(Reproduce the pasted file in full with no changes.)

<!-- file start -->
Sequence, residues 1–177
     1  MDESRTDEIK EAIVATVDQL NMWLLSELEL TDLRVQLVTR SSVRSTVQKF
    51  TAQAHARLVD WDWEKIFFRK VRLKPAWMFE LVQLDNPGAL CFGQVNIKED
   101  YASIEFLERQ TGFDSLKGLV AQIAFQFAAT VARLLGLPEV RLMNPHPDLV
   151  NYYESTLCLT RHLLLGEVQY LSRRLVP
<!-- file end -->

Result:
Sequence, residues 1–177
     1  MDESRTDEIK EAIVATVDQL NMWLLSELEL TDLRVQLVTR SSVRSTVQKF
    51  TAQAHARLVD WDWEKIFFRK VRLKPAWMFE LVQLDNPGAL CFGQVNIKED
   101  YASIEFLERQ TGFDSLKGLV AQIAFQFAAT VARLLGLPEV RLMNPHPDLV
   151  NYYESTLCLT RHLLLGEVQY LSRRLVP